When a relationship starts simple mental strands bond together. You go out and when you’re apart you think about each other, another strand attaches. Then one of you declares your love and the other confirms and more strands connect. Then you move in together. You share life experiences. That romantic film you saw together that you repeat phrases and laugh in reminiscence of for which holds so many parallels in your relationship. The deep orange from that candle on the table lighting their face.
When you break up one or two of those strands break under the stress and cause pain but every other strand remains firmly connected from years of bonding and strengthening. That is the difficulty – an emotional mourning loss that can’t be disconnected overnight with even a few strands between you years later.
The first time telling a partner about a gender identity disorder can be the most painful and naive moments in life with everlasting effects. I had lived with the gender thing since I was about three with an accumulation of experience and feelings but still a lack of understanding of what it actually is, why it is and the causes which none of us know I was probably naively expecting her to understand, even though telling her about it was the hardest thing I had done until that moment.
I had read from experiences online with suggestions such as ‘don’t rush into things’ but given the pressure cooker that had built up to that moment that made me tell her about it I had taken to my newly assigned freedom. It could have been both the worst and best mistake I had made. Taking things slowly allows for acclimatisation and spared feelings. Taking things quickly gets the truth out in the open and decisions on the future of the relationship without wasting further time; quickly pulling the sticking plaster off the cut. We weren’t married and we didn’t have children and in some sense this made things easier but the strands were still just as strong as they would have been.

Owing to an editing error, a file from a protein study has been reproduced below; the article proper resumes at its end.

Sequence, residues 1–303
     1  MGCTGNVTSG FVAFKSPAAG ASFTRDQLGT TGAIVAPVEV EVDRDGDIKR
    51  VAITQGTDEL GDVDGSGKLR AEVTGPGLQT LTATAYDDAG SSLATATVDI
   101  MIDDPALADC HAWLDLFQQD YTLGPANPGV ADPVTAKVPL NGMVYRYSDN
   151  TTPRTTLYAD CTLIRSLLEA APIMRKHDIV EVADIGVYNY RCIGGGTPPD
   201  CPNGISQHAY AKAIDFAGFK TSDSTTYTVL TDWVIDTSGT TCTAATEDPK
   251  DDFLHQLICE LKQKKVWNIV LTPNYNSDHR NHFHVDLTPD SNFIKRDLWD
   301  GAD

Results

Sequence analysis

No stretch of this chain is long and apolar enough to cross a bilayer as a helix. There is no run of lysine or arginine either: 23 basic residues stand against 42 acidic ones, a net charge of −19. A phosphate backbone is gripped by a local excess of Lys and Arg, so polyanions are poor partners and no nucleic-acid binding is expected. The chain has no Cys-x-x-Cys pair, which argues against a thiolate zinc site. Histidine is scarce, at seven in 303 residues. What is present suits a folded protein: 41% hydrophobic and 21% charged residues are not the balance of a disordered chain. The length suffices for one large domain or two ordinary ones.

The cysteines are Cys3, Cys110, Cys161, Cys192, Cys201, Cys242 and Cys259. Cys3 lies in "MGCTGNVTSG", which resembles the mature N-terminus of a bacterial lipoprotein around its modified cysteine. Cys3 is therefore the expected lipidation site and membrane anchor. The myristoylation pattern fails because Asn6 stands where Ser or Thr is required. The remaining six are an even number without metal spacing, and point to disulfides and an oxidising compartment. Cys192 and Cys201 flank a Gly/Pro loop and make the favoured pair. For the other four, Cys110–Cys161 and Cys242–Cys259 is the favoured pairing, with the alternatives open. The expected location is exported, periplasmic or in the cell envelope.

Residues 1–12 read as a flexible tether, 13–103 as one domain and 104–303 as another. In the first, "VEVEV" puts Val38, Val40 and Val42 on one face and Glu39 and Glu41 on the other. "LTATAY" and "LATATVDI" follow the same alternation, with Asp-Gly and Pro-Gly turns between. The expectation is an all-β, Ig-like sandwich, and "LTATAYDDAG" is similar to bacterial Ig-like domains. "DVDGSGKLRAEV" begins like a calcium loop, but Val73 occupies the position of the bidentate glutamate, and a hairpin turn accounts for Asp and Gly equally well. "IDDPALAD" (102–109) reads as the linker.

It has to be coming up to ten years ago when it happened for me and the hurt that it caused, one of the few bad parts of the gender thing, has long since passed and lives have moved on apart but I still see the same situation everywhere. I see people online in forums and in blogs going through the process. Opening up to wives and children, then closely following limitations put on so-called being that other personality that the partner insists on in an attempt to limit how far it will go. A pressure cooker without a valve further pushing that other side to grow and become. Then the final decision, separation and divorce which in so many cases is the inevitable; after all the partner never fell in love with the person you are inside but the person they thought you were as a whole. It’s heart breaking.
I don’t regret telling her about it and I wish I could regret the relationship ending but it was, like many, inevitable without living a lie. I still don’t know how those who keep it from their partners deal with the pressure of not being free to be who they want to be whenever. I suppose they have moments where they can release that pressure from time to time and those odd days every month or week is enough for them to be content. Jenny on the weekend, John at work. For me the more I move forwards the less I want to go back and the more freedom I want.
This is what is essential for those who are deciding to do this now. I don’t think the decision is really whether someone wants to risk their marriage or relationship and trying to decide whether it’s a real genuine authentic thing that someone wants; it’s one of the hardest things to acknowledge unless they are without question one hundred percent sure. One possible way to decide though might be based on whether the problem is getting worse internally. Are you getting more stressed? Is the desire to be becoming too great to handle? Is it eating away at you every day, every minute? This might not be enough alone to decide on telling something so personal that might change your whole life but it might be enough to recognise whether you should get some help through counselling, psychiatry and psychology before then moving on. Then again I have met some people who are perfectly happy in some kind of mild form of gender identity where they are content to be who they are from time to time and the jack just has no intention of coming out of the box; and that is also fine.
Recognising that fact and making the decision to just remain exactly where you are – as you are is a life changing decision in itself. It can give you the ability to move on with your life in other areas and allow you to enjoy everything else. The important thing is the choice being yours and being true to yourself. There will always be ups and downs in whatever choice is made, some huge, but the important thing is to get the right help and the right outlook on the future and why you’re doing whatever it is you decide to do.
Until next time